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Getting Better At Email

by MaryAnn Bekkedahl, co-founder and president of theSwizzle Do you ever wonder how we functioned before email? At work, at home, or on the go, a vast majority of us can’t go 30 minutes without sending, receiving or reviewing our emails (I’m guilty of checking through the night, too). For many highly-connected people, the allure of opening up an inbox isn’t just a necessity, it’s becoming an addiction. That’s why I can’t stress enough the importance of “getting better at email.” It’s in everyone’s best interest – senders and recipients; brands and consumers – to deliver an email that the intended person wants to read. Otherwise, you’re just wasting time and ticking people off (which, for brands, means potentially losing customers). Getting better means getting to the point of the message you’re sending, and only reading and reacting to those emails that you really care about. The rest is just digital noise. To give you an example of that noise, brands, social networks and other organizations sent a record number of marketing messages in 2012, up 19% on 2011. You’re now probably thinking about all of those solicited emails you deleted without even reading, or as a marketer, all of the email blasts you sent to hundreds or even thousands of subscribers. Whichever side you look from, it’s interesting to note that 77% of consumers said they prefer to interact with brands via email compared to any other channel, such as social networks, text messages, post and phone.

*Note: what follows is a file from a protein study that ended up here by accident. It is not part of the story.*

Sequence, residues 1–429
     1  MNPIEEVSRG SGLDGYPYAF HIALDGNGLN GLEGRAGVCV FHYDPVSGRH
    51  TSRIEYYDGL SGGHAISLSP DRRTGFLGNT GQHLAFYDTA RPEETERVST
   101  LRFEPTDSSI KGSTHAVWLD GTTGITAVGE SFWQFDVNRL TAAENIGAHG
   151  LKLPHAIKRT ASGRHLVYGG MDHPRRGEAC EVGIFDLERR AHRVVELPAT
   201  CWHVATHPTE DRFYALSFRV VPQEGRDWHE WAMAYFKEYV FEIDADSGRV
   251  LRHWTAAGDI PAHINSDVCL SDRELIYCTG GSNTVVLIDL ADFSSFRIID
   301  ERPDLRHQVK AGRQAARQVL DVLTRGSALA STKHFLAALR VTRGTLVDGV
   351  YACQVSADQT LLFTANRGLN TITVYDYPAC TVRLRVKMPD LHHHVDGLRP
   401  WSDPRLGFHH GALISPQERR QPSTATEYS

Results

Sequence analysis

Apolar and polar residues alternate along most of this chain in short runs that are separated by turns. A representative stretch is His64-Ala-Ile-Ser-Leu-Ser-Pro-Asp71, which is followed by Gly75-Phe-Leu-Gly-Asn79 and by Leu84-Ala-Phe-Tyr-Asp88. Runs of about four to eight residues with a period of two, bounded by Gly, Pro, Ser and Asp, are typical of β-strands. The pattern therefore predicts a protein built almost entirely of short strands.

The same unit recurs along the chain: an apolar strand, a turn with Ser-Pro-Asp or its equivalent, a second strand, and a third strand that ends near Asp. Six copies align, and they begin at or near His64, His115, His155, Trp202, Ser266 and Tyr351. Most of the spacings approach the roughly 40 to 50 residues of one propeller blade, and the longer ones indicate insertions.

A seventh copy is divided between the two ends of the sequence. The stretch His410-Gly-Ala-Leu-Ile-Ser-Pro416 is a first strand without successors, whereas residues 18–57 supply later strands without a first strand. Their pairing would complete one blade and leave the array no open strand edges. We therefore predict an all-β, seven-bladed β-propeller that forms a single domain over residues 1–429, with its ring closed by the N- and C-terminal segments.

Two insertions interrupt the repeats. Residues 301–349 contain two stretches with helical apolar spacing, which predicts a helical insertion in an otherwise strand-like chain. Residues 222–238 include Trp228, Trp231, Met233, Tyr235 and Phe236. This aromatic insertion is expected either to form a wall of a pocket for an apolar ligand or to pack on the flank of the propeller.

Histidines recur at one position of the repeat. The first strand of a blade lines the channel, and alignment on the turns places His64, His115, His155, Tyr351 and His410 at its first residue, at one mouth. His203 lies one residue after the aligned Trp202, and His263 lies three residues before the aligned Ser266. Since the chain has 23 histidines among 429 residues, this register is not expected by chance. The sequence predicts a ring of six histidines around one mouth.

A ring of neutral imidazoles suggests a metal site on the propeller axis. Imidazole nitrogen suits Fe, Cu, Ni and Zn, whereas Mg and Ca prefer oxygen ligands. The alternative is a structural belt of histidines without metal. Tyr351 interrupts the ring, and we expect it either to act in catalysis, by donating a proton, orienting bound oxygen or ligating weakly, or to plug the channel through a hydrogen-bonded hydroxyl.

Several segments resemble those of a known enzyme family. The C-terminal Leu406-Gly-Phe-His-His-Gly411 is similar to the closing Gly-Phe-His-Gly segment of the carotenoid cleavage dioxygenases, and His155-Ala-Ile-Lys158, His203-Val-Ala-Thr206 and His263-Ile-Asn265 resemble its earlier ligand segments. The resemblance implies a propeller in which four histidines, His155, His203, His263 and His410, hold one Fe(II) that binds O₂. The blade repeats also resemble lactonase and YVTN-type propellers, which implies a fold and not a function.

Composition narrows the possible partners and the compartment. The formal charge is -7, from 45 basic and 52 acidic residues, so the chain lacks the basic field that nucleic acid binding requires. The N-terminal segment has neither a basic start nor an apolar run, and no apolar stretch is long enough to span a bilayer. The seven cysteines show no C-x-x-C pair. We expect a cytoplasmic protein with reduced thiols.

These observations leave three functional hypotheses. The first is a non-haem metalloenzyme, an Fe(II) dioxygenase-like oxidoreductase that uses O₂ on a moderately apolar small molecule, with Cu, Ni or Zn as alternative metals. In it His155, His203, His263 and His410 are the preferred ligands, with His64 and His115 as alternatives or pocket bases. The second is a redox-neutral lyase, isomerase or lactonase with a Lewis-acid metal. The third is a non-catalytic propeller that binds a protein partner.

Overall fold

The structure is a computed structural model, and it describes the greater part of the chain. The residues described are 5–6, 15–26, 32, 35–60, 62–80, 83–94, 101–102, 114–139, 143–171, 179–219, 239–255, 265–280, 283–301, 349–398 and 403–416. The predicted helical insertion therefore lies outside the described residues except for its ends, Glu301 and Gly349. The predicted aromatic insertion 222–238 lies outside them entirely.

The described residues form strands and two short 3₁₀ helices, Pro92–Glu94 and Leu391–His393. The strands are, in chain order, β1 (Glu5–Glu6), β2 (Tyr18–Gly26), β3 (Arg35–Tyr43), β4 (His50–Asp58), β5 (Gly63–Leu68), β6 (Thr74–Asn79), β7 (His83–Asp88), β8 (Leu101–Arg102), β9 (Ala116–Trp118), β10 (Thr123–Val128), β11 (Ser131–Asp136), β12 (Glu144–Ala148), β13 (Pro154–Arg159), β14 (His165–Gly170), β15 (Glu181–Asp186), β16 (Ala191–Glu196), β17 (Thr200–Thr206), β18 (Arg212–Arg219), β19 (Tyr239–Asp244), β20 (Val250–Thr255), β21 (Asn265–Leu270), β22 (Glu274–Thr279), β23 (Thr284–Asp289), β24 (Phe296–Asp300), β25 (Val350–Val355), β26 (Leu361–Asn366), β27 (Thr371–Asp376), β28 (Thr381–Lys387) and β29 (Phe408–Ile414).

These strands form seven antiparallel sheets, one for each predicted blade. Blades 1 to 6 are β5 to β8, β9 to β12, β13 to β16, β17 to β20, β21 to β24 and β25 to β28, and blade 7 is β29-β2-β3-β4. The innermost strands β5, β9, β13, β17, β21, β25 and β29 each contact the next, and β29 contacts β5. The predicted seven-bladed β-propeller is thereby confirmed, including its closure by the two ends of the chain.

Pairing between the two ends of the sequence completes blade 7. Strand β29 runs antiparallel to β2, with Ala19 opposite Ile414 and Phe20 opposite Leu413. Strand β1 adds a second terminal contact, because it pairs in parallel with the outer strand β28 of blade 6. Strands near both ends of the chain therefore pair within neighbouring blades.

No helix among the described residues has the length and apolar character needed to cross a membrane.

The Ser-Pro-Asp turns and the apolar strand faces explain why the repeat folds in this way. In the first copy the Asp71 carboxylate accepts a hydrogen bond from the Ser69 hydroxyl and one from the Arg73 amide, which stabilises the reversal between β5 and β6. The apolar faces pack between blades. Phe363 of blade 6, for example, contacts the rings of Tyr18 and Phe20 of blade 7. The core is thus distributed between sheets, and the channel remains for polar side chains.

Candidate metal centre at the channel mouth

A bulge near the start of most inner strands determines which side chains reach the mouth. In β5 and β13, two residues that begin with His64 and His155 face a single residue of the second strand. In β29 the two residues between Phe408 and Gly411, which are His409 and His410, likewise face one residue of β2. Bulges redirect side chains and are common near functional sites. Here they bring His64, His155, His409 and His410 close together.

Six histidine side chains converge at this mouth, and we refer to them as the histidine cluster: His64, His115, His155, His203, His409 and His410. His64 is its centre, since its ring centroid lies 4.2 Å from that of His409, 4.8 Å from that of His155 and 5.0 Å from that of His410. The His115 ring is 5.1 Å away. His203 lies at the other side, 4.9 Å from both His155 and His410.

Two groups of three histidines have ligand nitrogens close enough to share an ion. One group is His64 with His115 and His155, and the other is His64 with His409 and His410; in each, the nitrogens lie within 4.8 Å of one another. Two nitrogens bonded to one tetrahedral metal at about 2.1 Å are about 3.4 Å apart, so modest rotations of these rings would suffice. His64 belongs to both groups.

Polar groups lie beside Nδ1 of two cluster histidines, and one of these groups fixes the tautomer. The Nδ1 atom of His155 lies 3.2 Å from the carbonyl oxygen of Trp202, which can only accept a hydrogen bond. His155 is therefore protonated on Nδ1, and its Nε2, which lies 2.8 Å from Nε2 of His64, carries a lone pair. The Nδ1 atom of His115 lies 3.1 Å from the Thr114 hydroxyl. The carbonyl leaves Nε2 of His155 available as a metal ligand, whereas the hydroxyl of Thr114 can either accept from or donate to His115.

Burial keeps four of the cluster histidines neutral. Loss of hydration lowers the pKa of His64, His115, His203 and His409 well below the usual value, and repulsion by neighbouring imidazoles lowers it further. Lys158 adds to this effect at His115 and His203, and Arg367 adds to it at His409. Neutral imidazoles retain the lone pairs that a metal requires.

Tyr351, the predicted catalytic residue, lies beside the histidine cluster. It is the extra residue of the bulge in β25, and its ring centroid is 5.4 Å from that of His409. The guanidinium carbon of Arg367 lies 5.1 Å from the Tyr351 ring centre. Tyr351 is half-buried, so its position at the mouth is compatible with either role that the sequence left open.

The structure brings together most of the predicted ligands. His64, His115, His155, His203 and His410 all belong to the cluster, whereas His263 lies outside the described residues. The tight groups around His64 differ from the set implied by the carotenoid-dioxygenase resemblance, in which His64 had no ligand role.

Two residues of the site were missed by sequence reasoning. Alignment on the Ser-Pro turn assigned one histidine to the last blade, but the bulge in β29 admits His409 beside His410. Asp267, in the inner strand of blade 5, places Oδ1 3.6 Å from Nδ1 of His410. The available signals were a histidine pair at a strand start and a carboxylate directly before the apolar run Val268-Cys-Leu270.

Email is getting pretty good as a marketing channel.

These days, many of the subscription emails in your inbox are real-time customized based on past purchases, recently viewed items, geography, and the device you open the message with.

Are you getting good at email?

With the trend of email overload more than likely to continue in 2013, the time has come to clean up, prioritize and organize your inbox so that the emails you do receive are the ones you want to keep. Marketers should see this as great news, because if someone chooses to continue subscribing to your alerts, you’re doing something right and the chance of making sales increases exponentially. Fortunately, there are innovations taking place in email management to help consumers get better at email. One new and free solution is theSwizzle, which was designed for the mutual benefit of consumers and marketers alike. theSwizzle leads consumers through a quick process to easily unsubscribe from the commercial mail they no longer wish to receive, helping to reduce clutter and the overall volume of messages they receive each day (you’ll be surprised just how many subscriptions you’ve collected over the years). Then, once the clutter is gone, consumers can roll up all of the subscriptions they want to keep into one daily or weekly digest, grouping their favorite brands and alerts together in a neat and easy-to-consume package. theSwizzle puts the consumer in control and, ultimately, makes them more marketable because they aren’t dividing their attention between hundreds of other brands every day.   MaryAnn Bekkedahl is co-founder & president of theSwizzle and an expert in email organization. She was named Adweek Media’s “Publishing Executive of the Year” in 2009. She has earned spots for her brands on the prestigious and highly coveted trade lists including AdWeek’s Hot List, and Advertising Age’s A-List. min magazine named her one of the “Most Intriguing People” of 2004, Gotham magazine named her one of its “40 under 40” in 2003, and Advertising Age named her a “Woman to Watch” in 2003.  

This is an article contributed to Young Upstarts and published or republished here with permission. All rights of this work belong to the authors named in the article above.

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